After aiding pandemic projects, U.S. Digital Response sees a future with government
Leaders within the nonprofit U.S. Digital Response told StateScoop that the virus is forcing public officials to use new tools to solve old problems, motivating government to be smarter and more digital than ever before. But what was initially conceived as an emergency response effort to help government agencies respond to immediate needs to modernize IT systems during the pandemic could persist after the health crisis has ended.
The group, led by former Facebook and Stripe executive Raylene Yung, is one of several organizations that pledged technological assistance to local agencies that were forced to undergo a rapid digital transformation earlier this year when government offices nationwide closed because of the coronavirus. USDR is now one of the largest of those groups with more than 5,500 volunteers and a core team that includes former U.S. deputy chief technology officers and a host of Silicon Valley technologists, as well as Code for America founder Jennifer Pahlka, who started USDR by sending out a mass text in March asking for help from her colleagues. But even as state and local policies continue to change weekly to slow the spread of the virus, USDR’s strategy has remained the same, Yung said.
“In some ways, our approach hasn’t changed that much. We’re here to help support governments in need, so we continue to basically respond to requests that people have,” Yung said. “But there are clearly patterns. Partners are facing the same problem in different states or cities across the country.”
So far, the group has done more than 100 projects with agencies in cities and states that are looking for help on everything from how to procure a tool quickly and affordably to developing an entirely new content management system. Depending on the size of the requesting agency or the scope of the request, USDR will tap into its volunteer network to dispatch a “SWAT team” of technologists to work directly with the partner agency on anything from logistics to building new digital services.
Most of the projects address similar issues, like social benefits and public health, Yung said, and USDR’s volunteer groups have learned to share information so as not to repeat work each time a new city asks for help. A USDR team that helped Seattle establish an online presence for COVID-19 testing sites, for example, also laid the groundwork for developing testing sites in other large cities.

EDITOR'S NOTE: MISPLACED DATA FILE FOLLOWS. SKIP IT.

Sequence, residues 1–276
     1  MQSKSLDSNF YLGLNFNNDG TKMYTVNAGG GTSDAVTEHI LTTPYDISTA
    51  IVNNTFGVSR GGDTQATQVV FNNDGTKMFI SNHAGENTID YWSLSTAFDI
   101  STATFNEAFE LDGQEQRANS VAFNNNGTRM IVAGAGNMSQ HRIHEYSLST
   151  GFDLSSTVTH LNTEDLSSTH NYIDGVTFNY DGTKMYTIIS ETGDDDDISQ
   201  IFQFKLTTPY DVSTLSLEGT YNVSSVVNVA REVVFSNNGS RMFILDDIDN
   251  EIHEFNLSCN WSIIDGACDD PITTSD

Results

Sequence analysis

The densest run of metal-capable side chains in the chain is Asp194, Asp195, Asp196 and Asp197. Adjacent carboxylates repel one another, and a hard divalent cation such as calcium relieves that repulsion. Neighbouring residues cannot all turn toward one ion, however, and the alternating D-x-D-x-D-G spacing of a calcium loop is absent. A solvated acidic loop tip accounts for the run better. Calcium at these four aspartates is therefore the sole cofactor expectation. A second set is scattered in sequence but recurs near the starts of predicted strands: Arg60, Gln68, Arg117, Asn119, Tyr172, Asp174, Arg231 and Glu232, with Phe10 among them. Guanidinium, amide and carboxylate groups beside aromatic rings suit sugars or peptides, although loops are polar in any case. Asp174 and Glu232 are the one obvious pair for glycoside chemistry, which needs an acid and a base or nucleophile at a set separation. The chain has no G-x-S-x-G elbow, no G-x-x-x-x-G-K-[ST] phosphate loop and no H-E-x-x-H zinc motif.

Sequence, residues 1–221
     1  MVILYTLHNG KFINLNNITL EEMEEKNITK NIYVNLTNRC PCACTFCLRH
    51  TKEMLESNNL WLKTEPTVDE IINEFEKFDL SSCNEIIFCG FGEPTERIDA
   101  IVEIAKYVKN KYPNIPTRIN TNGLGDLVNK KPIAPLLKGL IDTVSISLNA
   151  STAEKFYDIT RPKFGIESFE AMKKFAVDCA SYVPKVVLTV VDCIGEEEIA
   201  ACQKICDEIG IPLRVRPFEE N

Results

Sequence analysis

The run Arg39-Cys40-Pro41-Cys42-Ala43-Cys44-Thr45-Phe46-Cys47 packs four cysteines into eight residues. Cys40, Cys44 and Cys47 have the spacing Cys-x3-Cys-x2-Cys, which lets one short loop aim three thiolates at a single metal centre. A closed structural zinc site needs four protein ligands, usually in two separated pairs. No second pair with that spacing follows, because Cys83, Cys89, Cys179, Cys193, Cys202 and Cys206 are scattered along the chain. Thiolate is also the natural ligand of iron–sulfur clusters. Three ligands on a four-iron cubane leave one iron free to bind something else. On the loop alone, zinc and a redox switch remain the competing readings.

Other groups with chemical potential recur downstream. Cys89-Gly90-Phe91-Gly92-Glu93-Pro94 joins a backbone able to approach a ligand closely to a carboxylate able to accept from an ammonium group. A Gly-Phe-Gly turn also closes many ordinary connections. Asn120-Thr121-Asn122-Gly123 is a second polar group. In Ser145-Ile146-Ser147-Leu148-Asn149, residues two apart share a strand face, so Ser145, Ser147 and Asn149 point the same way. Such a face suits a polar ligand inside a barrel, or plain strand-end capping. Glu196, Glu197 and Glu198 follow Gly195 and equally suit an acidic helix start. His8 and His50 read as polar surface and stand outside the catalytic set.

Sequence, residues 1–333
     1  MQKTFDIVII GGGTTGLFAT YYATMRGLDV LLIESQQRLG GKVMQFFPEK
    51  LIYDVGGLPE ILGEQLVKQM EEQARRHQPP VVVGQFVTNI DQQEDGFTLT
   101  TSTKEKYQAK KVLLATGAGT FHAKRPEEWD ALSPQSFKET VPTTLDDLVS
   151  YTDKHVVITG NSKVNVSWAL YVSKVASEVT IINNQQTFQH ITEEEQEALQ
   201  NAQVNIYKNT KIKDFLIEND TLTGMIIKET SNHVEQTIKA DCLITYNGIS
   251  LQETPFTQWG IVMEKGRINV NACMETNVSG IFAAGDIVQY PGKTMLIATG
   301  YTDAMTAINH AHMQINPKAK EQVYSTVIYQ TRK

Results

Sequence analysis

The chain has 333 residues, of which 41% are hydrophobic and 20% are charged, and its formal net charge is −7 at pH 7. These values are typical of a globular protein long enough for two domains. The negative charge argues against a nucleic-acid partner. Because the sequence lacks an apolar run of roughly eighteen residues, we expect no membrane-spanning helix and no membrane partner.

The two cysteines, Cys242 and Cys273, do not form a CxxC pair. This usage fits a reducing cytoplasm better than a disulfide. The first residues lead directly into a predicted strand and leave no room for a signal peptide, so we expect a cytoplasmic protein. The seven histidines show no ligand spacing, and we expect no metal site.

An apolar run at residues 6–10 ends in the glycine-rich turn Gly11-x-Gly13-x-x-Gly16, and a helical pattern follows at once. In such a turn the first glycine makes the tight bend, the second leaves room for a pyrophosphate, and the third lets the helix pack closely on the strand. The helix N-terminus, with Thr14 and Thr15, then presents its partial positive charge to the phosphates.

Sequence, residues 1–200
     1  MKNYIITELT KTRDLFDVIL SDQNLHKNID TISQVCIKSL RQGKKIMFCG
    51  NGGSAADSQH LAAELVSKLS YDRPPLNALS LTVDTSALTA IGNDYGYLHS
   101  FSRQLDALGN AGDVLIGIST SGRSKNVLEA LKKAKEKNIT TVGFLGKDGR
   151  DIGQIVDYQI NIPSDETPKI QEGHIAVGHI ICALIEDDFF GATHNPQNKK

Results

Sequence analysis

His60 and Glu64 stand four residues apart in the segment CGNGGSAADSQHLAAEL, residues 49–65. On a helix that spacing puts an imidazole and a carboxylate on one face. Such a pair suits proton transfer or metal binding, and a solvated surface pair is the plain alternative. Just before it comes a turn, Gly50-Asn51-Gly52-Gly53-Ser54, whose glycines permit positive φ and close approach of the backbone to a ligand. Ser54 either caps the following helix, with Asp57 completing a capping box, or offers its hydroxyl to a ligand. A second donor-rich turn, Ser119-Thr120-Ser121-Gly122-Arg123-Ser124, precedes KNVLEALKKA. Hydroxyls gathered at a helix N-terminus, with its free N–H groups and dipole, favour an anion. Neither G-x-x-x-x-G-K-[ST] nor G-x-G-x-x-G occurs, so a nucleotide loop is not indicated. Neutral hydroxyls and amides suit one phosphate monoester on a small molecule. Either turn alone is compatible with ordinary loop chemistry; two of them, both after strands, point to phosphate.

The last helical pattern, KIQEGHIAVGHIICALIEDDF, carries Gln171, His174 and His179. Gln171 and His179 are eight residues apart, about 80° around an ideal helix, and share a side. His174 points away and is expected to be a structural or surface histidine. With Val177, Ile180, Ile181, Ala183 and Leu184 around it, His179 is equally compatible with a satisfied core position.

“We’ve seen more cases where something works in one place, we adapt it pretty easily and launch it in another city or state across the country. [We get] more leverage out of the projects when this happens,” Yung said.
Not all of the problems that USDR has been asked to help with are directly due to the coronavirus. Some, Yung said, have arisen from longstanding issues only recently exacerbated by the pandemic, like inefficient benefits programs in New Jersey or California’s homelessness crisis. The process forcing residents to attend in-person interviews, or print, scan and physically mail documents to qualify for SNAP benefits taxed New Jersey’s resources even before coronavirus, Yung said. But when in-person interviews and hand-delivered documents were made difficult to arrange with the closure of physical offices, the state found new motivation to transition to digital services — and USDR’s phone rang.
“I’d say the existing problem isn’t new, but the motivation for needing to go digital, and create an online document uploading flow, which we helped them do,” Yung said. “It’s not COVID, but it’s motivated by the changing requirements we have now.”
To Yung, USDR’s ability to solve problems that are only tangential to COVID-19 is a promising sign for the group’s future, which was uncertain at its formation because of how little was known about the coronavirus.
“There is a lot of work to do here, and it’s going to expand far beyond the specific, acute healthcare crisis. It’s going to touch on things like economic crises, the social safety net and elections,” Yung said.